19 June 2007
What exactly is VoIP? Do you need it? How do you go about getting it?
This overview of the promise and limitations of voice over Internet
Protocol (VoIP) provides the basics needed to get started.
What does VoIP mean and what does it do?
The term VoIP stands for voice over Internet Protocol. VoIP is
related to the terms IP telephony and Internet telephony, which you'll
be hearing more and more about during the next several years. VoIP has
had a lot of buzz and hype behind it, though recently it has lost a
little of its steam.
At the most basic level, VoIP technologies enable analog telephone
communications to be digitally transferred and routed over data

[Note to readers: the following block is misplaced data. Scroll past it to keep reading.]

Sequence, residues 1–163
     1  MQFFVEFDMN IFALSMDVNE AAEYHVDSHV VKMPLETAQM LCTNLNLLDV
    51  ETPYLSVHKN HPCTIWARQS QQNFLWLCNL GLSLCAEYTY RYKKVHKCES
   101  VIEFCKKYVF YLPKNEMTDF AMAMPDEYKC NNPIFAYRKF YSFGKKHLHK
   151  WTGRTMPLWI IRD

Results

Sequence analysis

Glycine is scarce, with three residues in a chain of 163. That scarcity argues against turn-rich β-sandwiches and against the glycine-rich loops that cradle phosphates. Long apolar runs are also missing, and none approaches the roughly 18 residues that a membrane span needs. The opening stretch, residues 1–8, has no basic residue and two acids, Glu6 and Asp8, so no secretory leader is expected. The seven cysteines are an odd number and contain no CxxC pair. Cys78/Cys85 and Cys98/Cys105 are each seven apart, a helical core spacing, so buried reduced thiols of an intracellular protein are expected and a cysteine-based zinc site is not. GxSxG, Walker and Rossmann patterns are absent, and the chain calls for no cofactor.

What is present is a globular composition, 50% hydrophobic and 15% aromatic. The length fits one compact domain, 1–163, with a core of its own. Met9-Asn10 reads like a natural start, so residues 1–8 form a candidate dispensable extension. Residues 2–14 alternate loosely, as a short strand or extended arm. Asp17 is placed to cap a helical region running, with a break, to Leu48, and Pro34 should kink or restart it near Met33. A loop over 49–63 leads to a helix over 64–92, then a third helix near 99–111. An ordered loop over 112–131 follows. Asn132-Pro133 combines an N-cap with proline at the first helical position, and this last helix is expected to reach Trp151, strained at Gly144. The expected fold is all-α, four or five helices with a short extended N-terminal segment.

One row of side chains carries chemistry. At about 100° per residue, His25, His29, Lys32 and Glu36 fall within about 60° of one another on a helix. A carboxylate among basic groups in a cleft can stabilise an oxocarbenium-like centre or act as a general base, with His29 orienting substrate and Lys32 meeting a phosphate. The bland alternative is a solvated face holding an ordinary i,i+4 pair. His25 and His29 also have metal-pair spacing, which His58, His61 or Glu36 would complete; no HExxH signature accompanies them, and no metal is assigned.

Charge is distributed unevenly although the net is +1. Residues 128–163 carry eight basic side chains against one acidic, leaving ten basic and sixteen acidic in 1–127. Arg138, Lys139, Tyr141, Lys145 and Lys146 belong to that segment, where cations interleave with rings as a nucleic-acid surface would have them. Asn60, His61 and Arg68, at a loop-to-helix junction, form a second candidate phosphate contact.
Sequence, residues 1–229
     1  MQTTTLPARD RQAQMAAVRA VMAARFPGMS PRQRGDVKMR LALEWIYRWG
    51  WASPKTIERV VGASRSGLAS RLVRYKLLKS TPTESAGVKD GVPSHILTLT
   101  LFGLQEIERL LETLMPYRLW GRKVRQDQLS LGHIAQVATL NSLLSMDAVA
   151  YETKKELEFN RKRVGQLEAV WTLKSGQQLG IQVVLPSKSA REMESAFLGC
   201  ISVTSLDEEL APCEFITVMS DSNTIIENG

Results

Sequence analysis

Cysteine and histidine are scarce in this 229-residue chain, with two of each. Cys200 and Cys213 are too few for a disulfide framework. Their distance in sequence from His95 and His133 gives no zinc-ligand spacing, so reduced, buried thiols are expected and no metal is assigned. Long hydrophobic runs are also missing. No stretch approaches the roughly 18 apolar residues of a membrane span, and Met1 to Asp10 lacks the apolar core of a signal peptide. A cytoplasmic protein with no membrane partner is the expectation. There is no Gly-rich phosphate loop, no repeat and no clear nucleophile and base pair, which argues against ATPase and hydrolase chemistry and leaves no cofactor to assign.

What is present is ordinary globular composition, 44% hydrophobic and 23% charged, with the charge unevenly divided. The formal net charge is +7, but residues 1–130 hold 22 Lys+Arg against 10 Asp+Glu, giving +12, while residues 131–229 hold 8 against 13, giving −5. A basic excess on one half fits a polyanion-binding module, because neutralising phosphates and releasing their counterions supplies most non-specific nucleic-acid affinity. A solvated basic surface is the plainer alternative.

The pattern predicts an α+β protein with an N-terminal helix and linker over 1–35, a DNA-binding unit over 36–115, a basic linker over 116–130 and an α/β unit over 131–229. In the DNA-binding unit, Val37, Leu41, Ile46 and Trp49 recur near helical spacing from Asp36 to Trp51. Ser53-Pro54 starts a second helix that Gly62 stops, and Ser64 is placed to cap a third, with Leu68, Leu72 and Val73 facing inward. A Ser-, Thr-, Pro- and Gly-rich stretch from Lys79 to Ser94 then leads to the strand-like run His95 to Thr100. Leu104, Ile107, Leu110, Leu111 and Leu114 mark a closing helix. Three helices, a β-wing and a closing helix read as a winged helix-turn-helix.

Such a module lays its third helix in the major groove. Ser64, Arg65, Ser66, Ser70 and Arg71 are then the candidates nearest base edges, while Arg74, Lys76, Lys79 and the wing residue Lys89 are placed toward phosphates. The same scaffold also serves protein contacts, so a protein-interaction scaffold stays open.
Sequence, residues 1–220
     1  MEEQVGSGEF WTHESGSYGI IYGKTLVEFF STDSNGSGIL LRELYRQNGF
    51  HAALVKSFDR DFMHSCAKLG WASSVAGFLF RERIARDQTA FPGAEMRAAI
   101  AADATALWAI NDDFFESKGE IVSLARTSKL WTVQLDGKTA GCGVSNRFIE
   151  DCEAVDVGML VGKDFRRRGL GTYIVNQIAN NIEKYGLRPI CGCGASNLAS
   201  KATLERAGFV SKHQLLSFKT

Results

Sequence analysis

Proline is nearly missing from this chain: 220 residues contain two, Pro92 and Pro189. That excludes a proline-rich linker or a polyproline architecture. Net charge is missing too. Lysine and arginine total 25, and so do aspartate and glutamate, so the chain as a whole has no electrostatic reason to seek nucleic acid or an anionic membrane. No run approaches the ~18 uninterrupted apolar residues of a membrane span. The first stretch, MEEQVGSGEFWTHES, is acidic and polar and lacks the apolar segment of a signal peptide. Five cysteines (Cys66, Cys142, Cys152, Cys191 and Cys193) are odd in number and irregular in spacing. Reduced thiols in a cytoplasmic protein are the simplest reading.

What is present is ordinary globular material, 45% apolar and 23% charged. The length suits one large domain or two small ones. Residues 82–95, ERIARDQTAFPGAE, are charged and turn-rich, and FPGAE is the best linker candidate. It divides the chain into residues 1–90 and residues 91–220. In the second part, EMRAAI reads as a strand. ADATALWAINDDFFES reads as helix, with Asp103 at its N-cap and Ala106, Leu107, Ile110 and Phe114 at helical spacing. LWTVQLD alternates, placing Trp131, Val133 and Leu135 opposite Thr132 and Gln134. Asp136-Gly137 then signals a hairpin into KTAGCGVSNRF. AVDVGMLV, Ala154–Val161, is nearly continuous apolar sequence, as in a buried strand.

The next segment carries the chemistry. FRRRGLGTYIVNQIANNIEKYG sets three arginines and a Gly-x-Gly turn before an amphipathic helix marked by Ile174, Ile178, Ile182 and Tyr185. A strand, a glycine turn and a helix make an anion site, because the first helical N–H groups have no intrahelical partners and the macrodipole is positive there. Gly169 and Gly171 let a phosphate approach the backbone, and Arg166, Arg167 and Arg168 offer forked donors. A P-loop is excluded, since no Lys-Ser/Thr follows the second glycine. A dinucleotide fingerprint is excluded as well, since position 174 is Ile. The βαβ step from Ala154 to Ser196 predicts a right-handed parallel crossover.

networksâ€”whether it's a wide area network (WAN), a local area network
(LAN) or the Internet. In theory, the two packets of
communicationsâ€”digitized voice and dataâ€”coexist peacefully and move all
over a network. Of course, a third packetâ€”videoâ€”has become a major
network consideration for 21st-century organizations because it's a
bandwidth hog. When combined on one network, data, voice and video
offer boundless productivity opportunities for users, and potential
telecom savings and efficiencies for organizations, but major headaches
for IT networking staffers who have to "keep the peace" between the
three demanding sets of network traffic. For their part, CIOs, burdened
for so many years with legacy telecom and networking infrastructures,
will have to spend a tremendous amount of resources on improving their network capability, reliability and flexibility to keep pace.